Jawbone from Tibet identified as Denisovan

Denisovans are an extinct human group similar to Neanderthals. Traces of both can be found in modern human genes, so interbreeding took place.

ABC (2016): Aboriginal Australians, Pacific Islanders carry DNA of unknown human species, research analysis suggests

They found Europeans and Chinese people carry about 2.8 per cent of Neanderthal DNA.

But Europeans have no Denisovan ancestry, and Chinese people only have 0.1 per cent.

Modern populations from South Pacific regions including Vanuatu, the Solomon Islands, Fiji, Papua New Guinea, New Caledonia, West Papua, and the Maluku Islands have 2.74 per cent of their DNA as coming from Neanderthals.

Mr Bohlender estimates the amount of Denisovan DNA in these people is as low as about 1.11 per cent, not the 3 to 6 per cent estimated by other researchers.

Therefore, Mr Bohlender and his colleagues came to the conclusion that a third group of hominids may have bred with the ancestors of Melanesians.

“The sequencing of complete Neanderthal and Denisovan genomes has provided several insights into human history. One important insight stems from the observation that modern non-Africans and archaic populations share more derived alleles than they should if there was no admixture between them. We now know that the ancestors of modern non-Africans met, and introgressed with, Neanderthals and Denisovans.”

Until recently the only identified Denisovan remains had been found in Siberia.

The Denisovans or Denisova hominins are an extinct species or subspecies of archaic humans in the genus Homo. Pending its taxonomic status, it currently carries temporary species or subspecies names Homo denisova,[1] Homo altaiensis, Homo sapiens denisova, or Homo sp. Altai. In 2010, scientists announced the discovery of an undated finger bone fragment of a juvenile female found in the Denisova Cave in the Altai Mountains in Siberia, a cave that has also been inhabited by Neanderthals and modern humans.

The lineage that developed into Denisovans and Neanderthals is estimated to have separated from the lineage that developed into “anatomically modern” Homo sapiens approximately 600,000 to 744,000 years ago. Denisovans and Neanderthals then significantly diverged from each other genetically a mere 300 generations after that. Several types of humans, including Denisovans, Neanderthals and related hybrids, may have each dwelt in the Denisova Cave in Siberia over thousands of years, but it is unclear whether they ever co-habitated in the cave. Denisovans may have interbred with modern humans in New Guinea as recently as 15,000 years ago.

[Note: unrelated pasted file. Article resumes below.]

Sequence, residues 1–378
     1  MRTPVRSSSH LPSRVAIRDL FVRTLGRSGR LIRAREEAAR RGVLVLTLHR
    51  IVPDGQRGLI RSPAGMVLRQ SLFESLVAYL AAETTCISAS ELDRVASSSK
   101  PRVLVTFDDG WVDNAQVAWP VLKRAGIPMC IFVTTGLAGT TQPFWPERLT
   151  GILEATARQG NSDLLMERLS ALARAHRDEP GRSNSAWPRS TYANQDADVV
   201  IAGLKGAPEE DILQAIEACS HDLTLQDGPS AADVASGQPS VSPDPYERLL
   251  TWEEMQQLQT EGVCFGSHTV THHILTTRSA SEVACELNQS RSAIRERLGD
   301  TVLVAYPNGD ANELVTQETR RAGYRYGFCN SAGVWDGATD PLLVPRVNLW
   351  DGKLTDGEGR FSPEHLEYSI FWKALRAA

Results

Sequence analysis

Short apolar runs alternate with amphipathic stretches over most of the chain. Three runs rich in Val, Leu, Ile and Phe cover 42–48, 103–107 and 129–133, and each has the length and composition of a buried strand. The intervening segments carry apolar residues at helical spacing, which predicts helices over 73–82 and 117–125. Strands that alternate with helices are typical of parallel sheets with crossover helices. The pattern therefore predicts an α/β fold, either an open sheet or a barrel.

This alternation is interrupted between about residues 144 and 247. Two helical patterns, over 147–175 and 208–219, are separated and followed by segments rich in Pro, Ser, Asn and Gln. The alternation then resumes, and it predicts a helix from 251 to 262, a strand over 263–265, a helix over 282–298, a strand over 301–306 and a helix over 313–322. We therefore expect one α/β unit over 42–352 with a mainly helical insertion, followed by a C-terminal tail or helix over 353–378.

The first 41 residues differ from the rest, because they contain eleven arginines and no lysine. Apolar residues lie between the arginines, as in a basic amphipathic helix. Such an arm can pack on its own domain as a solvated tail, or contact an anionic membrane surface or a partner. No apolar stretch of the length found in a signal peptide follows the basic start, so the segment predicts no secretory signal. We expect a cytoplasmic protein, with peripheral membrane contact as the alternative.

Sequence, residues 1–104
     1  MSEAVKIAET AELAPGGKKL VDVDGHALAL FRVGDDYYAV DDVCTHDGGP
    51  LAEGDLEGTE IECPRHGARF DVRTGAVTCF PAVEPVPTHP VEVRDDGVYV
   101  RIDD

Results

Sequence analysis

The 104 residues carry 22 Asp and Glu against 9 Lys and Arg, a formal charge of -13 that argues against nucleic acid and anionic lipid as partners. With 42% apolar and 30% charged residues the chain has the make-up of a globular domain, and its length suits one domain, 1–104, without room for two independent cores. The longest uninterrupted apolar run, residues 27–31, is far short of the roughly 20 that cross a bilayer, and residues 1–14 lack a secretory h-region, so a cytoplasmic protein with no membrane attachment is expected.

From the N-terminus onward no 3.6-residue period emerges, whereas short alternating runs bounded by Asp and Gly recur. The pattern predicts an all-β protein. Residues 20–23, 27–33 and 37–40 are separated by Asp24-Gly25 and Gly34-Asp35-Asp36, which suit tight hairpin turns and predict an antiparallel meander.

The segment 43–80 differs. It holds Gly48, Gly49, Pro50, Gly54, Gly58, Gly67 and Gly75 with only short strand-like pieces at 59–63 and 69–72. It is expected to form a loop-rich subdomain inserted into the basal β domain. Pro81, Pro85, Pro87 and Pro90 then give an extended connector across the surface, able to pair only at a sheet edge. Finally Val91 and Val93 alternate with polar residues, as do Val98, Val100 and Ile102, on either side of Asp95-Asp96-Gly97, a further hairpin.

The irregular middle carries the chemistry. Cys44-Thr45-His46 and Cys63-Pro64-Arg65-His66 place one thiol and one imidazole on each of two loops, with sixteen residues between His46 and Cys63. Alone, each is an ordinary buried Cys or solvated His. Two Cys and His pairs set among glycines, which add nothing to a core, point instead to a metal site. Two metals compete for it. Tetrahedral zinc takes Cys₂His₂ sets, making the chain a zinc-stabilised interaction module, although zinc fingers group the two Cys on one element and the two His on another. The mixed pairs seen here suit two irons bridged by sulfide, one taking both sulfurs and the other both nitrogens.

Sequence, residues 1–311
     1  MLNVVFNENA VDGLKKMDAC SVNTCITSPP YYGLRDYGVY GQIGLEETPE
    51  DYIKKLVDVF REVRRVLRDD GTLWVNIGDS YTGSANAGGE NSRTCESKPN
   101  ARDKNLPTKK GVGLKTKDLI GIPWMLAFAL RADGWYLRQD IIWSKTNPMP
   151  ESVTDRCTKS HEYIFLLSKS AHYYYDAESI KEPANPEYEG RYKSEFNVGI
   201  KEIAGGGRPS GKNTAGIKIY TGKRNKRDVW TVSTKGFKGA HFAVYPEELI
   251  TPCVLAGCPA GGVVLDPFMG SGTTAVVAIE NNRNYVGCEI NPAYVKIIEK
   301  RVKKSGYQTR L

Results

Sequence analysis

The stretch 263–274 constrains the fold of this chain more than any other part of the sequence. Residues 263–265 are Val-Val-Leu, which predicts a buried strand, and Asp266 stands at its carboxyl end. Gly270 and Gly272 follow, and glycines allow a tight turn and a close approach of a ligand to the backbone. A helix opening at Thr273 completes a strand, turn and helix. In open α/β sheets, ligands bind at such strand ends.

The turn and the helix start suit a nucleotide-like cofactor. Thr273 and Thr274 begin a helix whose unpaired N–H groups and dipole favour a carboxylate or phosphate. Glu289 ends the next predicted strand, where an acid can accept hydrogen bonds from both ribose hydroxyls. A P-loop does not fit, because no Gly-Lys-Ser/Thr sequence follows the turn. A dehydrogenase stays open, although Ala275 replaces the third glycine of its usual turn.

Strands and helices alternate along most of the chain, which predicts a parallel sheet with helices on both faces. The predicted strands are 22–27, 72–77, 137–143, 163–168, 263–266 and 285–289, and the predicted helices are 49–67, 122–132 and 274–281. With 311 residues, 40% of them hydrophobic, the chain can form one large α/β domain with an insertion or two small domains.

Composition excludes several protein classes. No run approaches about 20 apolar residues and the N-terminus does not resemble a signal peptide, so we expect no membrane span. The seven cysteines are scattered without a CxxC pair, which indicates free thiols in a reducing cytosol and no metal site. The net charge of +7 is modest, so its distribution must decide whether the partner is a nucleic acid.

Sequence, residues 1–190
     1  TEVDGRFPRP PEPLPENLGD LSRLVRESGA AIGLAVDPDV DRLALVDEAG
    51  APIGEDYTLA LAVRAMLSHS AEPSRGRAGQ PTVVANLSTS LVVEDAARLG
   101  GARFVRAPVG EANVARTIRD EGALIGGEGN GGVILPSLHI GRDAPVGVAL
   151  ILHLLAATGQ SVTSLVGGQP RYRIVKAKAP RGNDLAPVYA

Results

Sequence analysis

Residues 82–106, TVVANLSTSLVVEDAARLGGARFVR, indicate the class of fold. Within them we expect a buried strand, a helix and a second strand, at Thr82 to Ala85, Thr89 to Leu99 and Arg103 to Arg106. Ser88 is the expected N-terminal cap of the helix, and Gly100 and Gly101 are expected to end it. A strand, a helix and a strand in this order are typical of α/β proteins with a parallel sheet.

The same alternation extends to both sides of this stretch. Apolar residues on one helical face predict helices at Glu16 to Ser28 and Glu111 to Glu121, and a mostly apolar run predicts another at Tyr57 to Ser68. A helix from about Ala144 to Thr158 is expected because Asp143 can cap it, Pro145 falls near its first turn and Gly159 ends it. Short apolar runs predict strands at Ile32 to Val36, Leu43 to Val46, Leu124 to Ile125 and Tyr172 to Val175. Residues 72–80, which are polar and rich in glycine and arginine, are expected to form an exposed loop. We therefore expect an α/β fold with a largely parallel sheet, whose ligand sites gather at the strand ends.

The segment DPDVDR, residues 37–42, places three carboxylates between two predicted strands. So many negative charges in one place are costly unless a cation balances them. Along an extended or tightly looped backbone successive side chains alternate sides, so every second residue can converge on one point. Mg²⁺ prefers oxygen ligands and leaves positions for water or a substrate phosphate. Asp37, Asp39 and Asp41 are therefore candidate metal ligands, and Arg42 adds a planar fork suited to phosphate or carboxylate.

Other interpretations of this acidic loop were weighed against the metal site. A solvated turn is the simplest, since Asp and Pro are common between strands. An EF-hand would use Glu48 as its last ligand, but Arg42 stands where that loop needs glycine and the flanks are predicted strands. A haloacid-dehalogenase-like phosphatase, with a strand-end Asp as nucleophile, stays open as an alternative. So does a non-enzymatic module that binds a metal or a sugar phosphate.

https://en.wikipedia.org/wiki/Denisovan

Now what is believed to be a jawbone, found  found in a cave in Tibet in 1980, has been identified as Denisovan.

Stuff:  Ancient humans were more resourceful than we give them credit for

Scientists are being urged to step up the search for ancient human remains in Oceania and Asia, after researchers revealed a 160,000-year-old jawbone found in Tibet is from the archaic human Denisovan group.

Previously Denisovans – an extinct sister group of Neanderthals – were only known from a small collection of fossil fragments found in 2010 at Denisova Cave in Siberia.

Researchers have now identified the lower jawbone – found on the Tibetan Plateau in Baishiya Karst Cave in Xiahe, China in 1980 by a local monk – as being from a population closely related to the Siberian Denisovans.

“The Xiahe mandible likely represents the earliest hominin fossil on the Tibetan Plateau,” researcher Fahu Chen, director of the Institute of Tibetan Research, Chinese Academy of Sciences, said.

These people had already adapted to living in this high-altitude low-oxygen environment long before Homo sapiens even arrived in the region.”

Unless they find other remains that show otherwise.